When teaching future studies I have called on social and political figures not to retain an industrial society mindset by thinking that government finances will never fail.
Following Iceland’s bankruptcy, California Governor Arnold Schwarzenegger recently declared a fiscal state of emergency as that state teeters on the brink. This is a warning we should all heed.
A more worrying problem is that Taiwan’s demographic structure is being gradually transformed from the pyramid shape of agrarian societies to the shape of an upside-down pyramid.
In other words, the taxpaying working population is shrinking as the proportion of the population receiving pensions or welfare benefits is growing. In 2004, retirement expenditure reached NT$210 billion (US$6.4 billion), the same as the amount of the government’s revenue from individual income tax that year. The numbers have continued to rise since then and set new records.
With the demographic structure retaining the shape of an upside-down pyramid, the nation’s fiscal deficit will inevitably increase. The government cannot continue to solve this problem by increasing budget spending, as industrial societies might, because the future working population won’t be able to pay enough taxes to sustain national expenses.
The pension system did not develop until after the industrial revolution. Labor relations and related social problems started to appear because the majority of people came to be employed by an enterprise or organization. To protect workers after retirement, governments created legislation regulating welfare and pension systems.
The Council for Economic Planning and Development has said that the decline in the nation’s population at the current rate will result in a population of 8 million people 100 years from now. As population distribution turns into an upside-down pyramid, many welfare and insurance structures are bound to collapse. This is evidenced by a huge deficit in labor insurance payments and the National Health Insurance’s debt of NT$51.1 billion.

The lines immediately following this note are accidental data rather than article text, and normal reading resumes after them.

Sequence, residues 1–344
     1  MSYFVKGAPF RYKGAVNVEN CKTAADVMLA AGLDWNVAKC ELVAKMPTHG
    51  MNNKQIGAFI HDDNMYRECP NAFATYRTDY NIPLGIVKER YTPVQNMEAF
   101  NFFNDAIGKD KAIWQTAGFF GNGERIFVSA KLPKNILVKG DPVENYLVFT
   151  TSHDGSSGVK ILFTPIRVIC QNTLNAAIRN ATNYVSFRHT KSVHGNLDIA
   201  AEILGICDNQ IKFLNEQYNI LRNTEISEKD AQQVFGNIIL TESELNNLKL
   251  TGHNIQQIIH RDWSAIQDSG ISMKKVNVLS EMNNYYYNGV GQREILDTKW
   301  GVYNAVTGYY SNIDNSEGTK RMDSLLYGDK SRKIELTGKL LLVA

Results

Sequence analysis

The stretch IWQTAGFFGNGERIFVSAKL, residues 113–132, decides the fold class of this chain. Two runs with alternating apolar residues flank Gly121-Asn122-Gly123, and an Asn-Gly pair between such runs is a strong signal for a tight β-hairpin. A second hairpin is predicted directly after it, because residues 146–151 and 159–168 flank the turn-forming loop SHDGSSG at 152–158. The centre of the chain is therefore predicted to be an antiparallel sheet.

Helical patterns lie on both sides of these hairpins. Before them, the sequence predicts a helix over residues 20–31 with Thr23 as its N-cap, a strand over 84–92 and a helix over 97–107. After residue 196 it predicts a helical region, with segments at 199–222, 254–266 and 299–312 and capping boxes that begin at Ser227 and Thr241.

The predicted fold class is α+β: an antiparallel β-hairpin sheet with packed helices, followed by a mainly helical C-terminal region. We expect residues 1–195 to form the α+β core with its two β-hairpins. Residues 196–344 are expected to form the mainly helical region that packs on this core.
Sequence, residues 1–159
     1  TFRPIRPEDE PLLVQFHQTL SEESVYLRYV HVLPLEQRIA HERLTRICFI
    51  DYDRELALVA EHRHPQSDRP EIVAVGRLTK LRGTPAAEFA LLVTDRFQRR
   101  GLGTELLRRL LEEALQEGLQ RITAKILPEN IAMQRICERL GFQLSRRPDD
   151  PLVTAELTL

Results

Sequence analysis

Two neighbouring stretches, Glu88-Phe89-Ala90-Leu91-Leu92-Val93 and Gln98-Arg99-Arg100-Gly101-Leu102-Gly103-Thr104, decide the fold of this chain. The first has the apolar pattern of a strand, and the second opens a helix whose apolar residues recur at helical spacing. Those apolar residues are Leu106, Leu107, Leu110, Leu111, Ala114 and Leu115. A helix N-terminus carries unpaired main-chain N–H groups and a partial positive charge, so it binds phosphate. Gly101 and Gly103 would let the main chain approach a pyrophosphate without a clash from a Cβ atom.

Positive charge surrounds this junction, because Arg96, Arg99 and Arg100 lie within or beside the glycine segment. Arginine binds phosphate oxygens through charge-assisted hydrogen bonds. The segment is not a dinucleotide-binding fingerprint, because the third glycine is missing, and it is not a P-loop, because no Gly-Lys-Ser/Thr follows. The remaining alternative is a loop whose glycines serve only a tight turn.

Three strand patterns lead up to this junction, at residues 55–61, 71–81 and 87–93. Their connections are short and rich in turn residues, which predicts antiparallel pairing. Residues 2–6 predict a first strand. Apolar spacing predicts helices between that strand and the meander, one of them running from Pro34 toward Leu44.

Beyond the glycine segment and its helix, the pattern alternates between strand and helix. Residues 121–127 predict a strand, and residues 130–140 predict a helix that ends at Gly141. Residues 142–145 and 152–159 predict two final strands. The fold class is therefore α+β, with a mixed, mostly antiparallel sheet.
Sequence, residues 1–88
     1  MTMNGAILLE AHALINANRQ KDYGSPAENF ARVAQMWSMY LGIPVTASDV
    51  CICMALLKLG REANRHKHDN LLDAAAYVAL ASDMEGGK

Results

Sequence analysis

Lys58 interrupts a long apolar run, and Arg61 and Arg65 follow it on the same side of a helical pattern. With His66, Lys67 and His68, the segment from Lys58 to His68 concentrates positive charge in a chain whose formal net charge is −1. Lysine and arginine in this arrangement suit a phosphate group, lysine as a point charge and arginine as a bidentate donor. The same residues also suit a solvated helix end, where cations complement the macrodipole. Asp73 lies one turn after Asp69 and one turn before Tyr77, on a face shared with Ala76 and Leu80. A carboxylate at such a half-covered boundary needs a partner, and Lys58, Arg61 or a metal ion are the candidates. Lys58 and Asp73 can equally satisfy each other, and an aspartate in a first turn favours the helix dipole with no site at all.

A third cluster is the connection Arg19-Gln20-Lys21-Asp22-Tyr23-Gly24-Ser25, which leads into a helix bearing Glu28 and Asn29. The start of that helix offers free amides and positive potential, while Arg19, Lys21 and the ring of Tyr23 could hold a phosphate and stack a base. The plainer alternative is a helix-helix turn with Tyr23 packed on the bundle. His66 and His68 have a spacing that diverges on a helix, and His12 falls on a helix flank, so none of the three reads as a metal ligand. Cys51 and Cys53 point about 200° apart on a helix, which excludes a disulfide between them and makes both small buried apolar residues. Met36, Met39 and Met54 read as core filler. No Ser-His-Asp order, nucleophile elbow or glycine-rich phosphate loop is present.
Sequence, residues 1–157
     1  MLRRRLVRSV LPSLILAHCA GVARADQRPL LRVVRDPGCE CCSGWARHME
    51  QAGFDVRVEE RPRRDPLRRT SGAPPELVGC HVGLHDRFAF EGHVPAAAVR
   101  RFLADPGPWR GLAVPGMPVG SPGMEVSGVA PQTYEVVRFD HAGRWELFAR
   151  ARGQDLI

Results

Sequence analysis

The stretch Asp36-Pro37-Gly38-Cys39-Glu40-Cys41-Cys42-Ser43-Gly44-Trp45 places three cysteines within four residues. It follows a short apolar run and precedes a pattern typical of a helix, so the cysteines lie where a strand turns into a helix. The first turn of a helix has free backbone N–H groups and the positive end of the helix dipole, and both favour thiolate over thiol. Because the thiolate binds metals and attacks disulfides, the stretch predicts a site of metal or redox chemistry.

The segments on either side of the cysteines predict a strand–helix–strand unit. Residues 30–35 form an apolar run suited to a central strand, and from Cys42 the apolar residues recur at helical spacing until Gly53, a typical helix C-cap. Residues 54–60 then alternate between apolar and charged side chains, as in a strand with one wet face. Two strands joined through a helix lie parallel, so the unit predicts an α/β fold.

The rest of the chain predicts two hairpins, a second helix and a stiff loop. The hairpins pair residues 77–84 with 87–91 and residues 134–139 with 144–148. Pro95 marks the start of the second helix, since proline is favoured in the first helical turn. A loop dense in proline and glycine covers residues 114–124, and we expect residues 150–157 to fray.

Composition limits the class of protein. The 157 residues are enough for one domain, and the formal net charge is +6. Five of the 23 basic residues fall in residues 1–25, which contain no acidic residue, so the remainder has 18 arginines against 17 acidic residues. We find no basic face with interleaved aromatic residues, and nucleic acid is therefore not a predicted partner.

In addition, the National Pension System was only launched in October last year, but the Ministry of Interior already expects a deficit of NT$8 billion next year and of more than NT$20 billion the following year. The government will not be able to sustain these welfare programs in their current form.
We need a new approach to career and life planning. The average lifespan in Taiwan is 78 years, while the average retirement age between 2001 and 2007 was 55. This means that people on average need to prepare funds for 23 years of retirement. If labor and health insurance are no longer guaranteed, post-retirement living and medical expenses will become a heavy burden. Thus, as I argue in my book Future Studies, we should prepare for this time our entire lives and avoid being a burden to our children.
How do we achieve this? Simple math: Save enough money to support yourself until death. As life expectancy expands, it will be necessary to postpone retirement and develop multiple areas of expertise. Postponement of retirement is an inevitable trend, and it can be done in one of two ways: by staying on at one’s job or by changing jobs. Regardless, the message is to keep working — to have a lifetime job, as it were. This is what is meant by the new concept of “silver-collar worker.”